A Kenyan Community Helps Rhinos Come Home

The arduous 10-day effort to translocate 20 critically endangered rhinos to former rangelands in Northern Kenya is in high gear this week.

By Vicki Croke

kilifi-first meeting

Samburu warriors got to touch a rhino for the first time in their lives. In fact, they had never even seen a photo of one. They came to Lewa Wildlife Conservancy to learn about protecting these animals in advance of this week’s translocation of 20 rhinos. This photo, by Ami Vitale, won second prize in the nature category of the 2015 World Press Photo Contest, which has now been collected in a book.

Earlier this year, a photograph of Samburu warriors in Kenya touching a rhino calf for the first time in their lives won a World Press Photo award. There was sadness to the story of Kalifi the rhino—his mother had been killed by poachers—and there was sadness in the warriors’ story too—they had grown up in a once rhino-rich land that now held none.

But the inherent hope expressed in that photo—for new life and reconnection—is being realized this week. A huge and arduous 10-day effort is underway across miles of bumpy and remote roads to translocate 20 critically endangered Eastern black rhinos to lands in Samburu county in Northern Kenya that have been without the species for 25 years.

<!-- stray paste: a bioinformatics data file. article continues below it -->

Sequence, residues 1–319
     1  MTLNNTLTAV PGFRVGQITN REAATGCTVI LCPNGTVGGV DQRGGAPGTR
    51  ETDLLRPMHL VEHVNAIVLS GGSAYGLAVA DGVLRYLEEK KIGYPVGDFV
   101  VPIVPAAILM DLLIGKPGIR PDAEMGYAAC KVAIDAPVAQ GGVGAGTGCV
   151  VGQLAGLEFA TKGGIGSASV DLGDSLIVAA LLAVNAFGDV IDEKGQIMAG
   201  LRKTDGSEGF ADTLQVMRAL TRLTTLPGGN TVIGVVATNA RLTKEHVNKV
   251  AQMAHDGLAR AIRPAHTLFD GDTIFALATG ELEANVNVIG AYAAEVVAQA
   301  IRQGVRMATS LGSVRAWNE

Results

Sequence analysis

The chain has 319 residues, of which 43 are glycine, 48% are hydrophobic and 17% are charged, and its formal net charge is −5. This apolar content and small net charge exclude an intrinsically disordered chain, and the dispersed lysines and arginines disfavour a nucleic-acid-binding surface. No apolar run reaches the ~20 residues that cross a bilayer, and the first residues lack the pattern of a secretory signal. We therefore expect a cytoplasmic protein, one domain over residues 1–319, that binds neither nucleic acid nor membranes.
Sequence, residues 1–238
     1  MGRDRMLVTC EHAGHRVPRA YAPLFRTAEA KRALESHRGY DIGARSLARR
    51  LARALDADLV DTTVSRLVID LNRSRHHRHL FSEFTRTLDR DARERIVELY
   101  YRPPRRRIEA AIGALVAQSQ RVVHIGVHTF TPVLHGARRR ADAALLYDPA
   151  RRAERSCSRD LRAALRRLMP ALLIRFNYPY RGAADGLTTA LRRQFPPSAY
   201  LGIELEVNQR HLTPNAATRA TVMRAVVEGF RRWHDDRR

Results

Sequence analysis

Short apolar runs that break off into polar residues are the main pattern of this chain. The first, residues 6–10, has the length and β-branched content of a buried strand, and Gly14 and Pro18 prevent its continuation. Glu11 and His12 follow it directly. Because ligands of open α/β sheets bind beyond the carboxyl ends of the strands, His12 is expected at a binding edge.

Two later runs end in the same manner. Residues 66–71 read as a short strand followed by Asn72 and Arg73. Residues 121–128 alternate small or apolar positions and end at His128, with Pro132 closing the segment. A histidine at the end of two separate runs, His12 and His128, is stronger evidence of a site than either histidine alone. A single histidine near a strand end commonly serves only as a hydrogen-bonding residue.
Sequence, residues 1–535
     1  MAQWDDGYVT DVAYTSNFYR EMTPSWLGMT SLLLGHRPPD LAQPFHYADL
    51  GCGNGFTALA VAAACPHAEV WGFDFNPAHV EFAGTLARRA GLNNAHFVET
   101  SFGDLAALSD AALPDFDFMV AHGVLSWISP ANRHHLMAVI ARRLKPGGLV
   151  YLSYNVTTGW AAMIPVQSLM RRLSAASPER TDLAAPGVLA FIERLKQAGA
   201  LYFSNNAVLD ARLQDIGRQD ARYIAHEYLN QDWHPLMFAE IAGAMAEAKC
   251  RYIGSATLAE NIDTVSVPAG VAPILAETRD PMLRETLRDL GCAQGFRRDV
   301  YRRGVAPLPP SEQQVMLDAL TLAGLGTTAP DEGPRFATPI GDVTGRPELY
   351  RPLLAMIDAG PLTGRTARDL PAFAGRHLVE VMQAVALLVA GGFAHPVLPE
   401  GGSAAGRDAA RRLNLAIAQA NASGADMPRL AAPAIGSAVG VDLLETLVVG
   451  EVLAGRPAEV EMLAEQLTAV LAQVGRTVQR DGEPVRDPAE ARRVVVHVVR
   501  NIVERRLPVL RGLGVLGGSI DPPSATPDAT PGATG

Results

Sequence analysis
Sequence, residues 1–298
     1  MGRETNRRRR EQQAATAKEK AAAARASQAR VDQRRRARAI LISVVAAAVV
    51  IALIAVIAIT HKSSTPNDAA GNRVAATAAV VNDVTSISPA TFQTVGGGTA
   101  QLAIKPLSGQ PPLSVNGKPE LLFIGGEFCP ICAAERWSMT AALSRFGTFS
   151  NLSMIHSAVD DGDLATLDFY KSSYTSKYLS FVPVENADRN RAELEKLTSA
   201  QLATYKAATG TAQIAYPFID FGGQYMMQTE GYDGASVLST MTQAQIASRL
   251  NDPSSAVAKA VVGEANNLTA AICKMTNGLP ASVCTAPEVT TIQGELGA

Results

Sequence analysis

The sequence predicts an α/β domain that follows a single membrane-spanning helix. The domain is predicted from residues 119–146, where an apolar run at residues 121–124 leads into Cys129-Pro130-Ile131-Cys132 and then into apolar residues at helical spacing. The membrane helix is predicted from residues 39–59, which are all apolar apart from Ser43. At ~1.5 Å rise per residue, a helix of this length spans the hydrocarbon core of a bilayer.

loading rhino for transport

The first black rhino, a female, is loaded into the translocation box. Courtesy of Northern Ranglands Trust.

And the hands that are captured patting Kalifi in that iconic photo will now be helping to protect the rhinos in their new turf.

It’s taken the will and commitment of a local community, several conservation organizations, three national parks, a council of elders, 20 satellite transmitters (one per animal), anti-poaching training for local rangers, to tick off a few components, to bring these magnificent rhinos, ranging in age from six to 20, to a place where the residents are banding together to receive and protect them…


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